By Jennifer Reingold
FORTUNE -- Retailer in trouble? There is often a silver lining -- if you¹re a shopper, that is. And so it has been at J.C. Penney (JCP), the $13 billion company that first gave up on sales and then returned to them -- in force -- as a way to win back the $4 billion in revenues it lost in one calendar year.
Having covered the company for the past few years, I was ready for this. As a journalist, yes, but also as a new homeowner who had not shopped at Penney's since my parents took me to get my portrait shot on a shag rug with a sky blue background. I knew that former CEO Ron Johnson had spent heavily on "design-ifying" the product by bringing in well-known mid-to-upper tier brands such as Conran, Jonathan Adler, and Michael Graves, much as he'd done in the 1990s as a Target (TGT) executive. I also knew they weren't selling, because the goods were arriving just as the company made a complete U-turn, brought back former CEO Mike Ullman, and basically pretended the Martha Stewart decorations and funky mid-century style furniture didn't exist.
But exist they do -- now, at up to 70% or 80% off. And so it was time to take advantage of Johnson¹s design sense, if not his opposition to sales. Jonathan Adler red lacquer coffee tables? Check. Blue and purple Pantone sheets at half off? Check. Michael Graves' storage solutions? Luggage? Yes, please. I cleaned up (And, yes, I felt good, no, GREAT, about the sale prices, even though the rational part of my brain was well aware that they¹d been marked up before they were marked down). If J.C. Penney's results do, in fact, improve this quarter, I personally may deserve a bonus.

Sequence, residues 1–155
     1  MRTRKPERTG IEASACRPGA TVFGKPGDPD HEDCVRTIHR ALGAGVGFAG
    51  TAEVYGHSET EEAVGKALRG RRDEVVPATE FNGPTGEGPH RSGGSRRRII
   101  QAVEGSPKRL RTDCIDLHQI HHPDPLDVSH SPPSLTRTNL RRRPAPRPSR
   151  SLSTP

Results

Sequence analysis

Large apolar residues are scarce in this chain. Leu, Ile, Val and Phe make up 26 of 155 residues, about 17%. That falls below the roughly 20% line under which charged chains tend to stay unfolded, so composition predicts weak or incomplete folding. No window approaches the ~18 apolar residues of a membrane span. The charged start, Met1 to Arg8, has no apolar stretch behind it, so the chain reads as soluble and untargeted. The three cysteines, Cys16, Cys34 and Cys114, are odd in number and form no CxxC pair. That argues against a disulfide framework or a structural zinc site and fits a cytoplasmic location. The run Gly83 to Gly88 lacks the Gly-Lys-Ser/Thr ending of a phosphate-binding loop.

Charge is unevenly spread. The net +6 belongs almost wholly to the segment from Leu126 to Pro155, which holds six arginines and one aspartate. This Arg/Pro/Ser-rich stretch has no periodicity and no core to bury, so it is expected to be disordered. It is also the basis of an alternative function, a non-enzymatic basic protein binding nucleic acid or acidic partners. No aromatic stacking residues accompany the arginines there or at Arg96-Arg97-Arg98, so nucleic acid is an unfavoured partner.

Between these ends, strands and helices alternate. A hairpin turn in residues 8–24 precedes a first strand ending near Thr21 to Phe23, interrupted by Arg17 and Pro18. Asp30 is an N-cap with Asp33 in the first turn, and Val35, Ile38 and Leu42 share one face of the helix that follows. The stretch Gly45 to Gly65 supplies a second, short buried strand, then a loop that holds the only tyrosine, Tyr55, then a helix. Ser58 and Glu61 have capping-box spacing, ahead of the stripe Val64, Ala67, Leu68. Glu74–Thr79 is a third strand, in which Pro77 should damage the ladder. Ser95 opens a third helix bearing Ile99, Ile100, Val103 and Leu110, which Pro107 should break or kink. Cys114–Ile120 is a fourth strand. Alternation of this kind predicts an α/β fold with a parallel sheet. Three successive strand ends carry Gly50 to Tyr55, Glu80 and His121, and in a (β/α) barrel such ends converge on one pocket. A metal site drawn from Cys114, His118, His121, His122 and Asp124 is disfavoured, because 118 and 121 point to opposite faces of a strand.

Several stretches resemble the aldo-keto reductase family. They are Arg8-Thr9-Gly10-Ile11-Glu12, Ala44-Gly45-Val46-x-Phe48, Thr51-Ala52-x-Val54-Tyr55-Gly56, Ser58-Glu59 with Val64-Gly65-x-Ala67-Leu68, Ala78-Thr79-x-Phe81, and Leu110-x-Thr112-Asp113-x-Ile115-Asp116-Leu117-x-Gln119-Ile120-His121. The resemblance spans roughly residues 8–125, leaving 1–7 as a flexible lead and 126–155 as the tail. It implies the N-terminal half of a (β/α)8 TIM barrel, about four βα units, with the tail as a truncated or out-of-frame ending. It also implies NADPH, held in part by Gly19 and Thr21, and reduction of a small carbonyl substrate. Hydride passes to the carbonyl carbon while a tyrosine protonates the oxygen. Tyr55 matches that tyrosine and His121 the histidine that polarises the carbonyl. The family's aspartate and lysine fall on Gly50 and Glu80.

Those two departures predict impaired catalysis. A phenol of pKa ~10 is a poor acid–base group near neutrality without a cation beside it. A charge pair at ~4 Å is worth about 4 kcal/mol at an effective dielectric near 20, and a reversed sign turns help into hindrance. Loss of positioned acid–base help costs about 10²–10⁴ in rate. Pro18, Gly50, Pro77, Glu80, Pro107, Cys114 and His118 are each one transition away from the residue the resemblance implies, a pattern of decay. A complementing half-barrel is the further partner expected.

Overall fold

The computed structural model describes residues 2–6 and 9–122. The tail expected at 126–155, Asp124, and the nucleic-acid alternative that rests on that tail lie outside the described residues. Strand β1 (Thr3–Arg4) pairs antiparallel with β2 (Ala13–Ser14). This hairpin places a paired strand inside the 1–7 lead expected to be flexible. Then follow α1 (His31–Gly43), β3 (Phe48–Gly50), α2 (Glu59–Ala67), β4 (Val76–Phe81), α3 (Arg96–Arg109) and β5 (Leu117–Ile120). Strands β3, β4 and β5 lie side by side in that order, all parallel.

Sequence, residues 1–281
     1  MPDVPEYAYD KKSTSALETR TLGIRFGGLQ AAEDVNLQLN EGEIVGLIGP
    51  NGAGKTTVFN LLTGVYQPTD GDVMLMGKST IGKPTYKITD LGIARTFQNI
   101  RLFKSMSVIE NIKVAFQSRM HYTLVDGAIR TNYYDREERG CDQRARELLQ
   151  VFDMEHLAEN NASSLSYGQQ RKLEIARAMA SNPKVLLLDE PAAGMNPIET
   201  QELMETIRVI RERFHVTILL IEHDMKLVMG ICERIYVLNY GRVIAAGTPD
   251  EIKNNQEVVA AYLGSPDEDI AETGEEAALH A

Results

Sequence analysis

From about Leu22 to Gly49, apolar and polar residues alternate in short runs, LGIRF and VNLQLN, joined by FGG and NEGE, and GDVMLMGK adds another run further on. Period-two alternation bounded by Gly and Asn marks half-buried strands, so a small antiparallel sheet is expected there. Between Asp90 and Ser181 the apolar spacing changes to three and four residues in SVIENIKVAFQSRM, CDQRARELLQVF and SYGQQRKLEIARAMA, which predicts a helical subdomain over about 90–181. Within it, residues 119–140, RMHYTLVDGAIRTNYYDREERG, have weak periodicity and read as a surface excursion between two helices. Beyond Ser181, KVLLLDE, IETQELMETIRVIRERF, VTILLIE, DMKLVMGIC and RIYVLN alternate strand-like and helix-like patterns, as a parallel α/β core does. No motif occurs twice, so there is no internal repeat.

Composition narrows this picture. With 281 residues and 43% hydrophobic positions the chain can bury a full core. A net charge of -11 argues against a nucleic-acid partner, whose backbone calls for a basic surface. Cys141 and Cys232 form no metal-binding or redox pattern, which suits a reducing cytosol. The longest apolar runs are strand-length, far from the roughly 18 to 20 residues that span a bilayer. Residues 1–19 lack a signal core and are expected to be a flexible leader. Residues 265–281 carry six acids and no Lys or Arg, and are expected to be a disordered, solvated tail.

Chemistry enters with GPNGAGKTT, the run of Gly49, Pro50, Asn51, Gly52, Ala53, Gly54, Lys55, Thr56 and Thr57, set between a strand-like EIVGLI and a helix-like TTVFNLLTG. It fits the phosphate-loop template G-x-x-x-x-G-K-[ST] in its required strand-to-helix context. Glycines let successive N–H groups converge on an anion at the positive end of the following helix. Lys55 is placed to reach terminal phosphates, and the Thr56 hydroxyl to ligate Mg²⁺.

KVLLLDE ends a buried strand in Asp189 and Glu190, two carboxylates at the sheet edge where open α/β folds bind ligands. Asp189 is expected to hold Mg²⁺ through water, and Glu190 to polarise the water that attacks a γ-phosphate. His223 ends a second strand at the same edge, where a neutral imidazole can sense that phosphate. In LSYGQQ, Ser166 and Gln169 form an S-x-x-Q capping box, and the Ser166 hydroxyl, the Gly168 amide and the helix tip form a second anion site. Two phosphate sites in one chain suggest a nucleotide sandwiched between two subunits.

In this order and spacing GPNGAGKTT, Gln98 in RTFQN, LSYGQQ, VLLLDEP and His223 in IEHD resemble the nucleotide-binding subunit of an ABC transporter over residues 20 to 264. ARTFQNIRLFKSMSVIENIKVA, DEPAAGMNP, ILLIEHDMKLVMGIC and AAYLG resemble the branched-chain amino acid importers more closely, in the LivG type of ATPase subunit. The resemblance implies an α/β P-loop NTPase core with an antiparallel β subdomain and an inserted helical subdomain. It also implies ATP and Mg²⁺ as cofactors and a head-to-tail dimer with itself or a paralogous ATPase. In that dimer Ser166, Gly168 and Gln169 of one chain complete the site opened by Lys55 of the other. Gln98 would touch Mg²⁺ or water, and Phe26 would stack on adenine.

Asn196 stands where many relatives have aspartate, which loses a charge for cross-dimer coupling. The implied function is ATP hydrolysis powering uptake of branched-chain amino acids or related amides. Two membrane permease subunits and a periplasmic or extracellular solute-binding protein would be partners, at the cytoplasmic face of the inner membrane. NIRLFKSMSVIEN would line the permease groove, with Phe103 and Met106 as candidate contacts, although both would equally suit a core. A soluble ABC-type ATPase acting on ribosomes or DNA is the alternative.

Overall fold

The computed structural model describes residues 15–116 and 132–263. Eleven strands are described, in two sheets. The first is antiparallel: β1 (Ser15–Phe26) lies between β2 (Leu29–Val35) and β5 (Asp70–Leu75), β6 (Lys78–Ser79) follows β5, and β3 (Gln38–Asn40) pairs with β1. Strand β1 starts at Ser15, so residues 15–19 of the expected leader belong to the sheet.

Which gets me to a couple of broader points about J.C. Penney's current strategy. One, if you liked sales before, you¹ll like them now. Virtually everything is being discounted, sometimes more than once. The clutter and confusion that Johnson said shoppers hated is now more prevalent than ever, be it online or in the store. To wit: I get an email each and every day, sometimes more than once, from JCP trumpeting the latest discounts and sales. Yet it is quite difficult to use them in practice, as they give you multiple codes but only allow you to use one discount (say, 40% off furniture and mattresses, but also 20-50% off various home items) at a time. Does J.C. Penney want to get rid of its inventory so badly that it would like to process three separate orders from me so that I can take advantage of the discounts they are promising? It appears so.
Two: What is the company¹s real long-term strategy? I see no evidence of anything but a desire to purge the old one. Johnson at least had a vision for the company, flawed as it may have been. What is this new/old company going to do besides put merchandise on sale and open at 8 p.m. on Thanksgiving Day?
It's not clear to me, at least. But my wallet is enjoying the confusion.
Thanks to a motley cast of characters, the department store has somehow become a real-time tableau for virtually everything that's wrong with American business.Aug 19, 2013 9:05 PM ET
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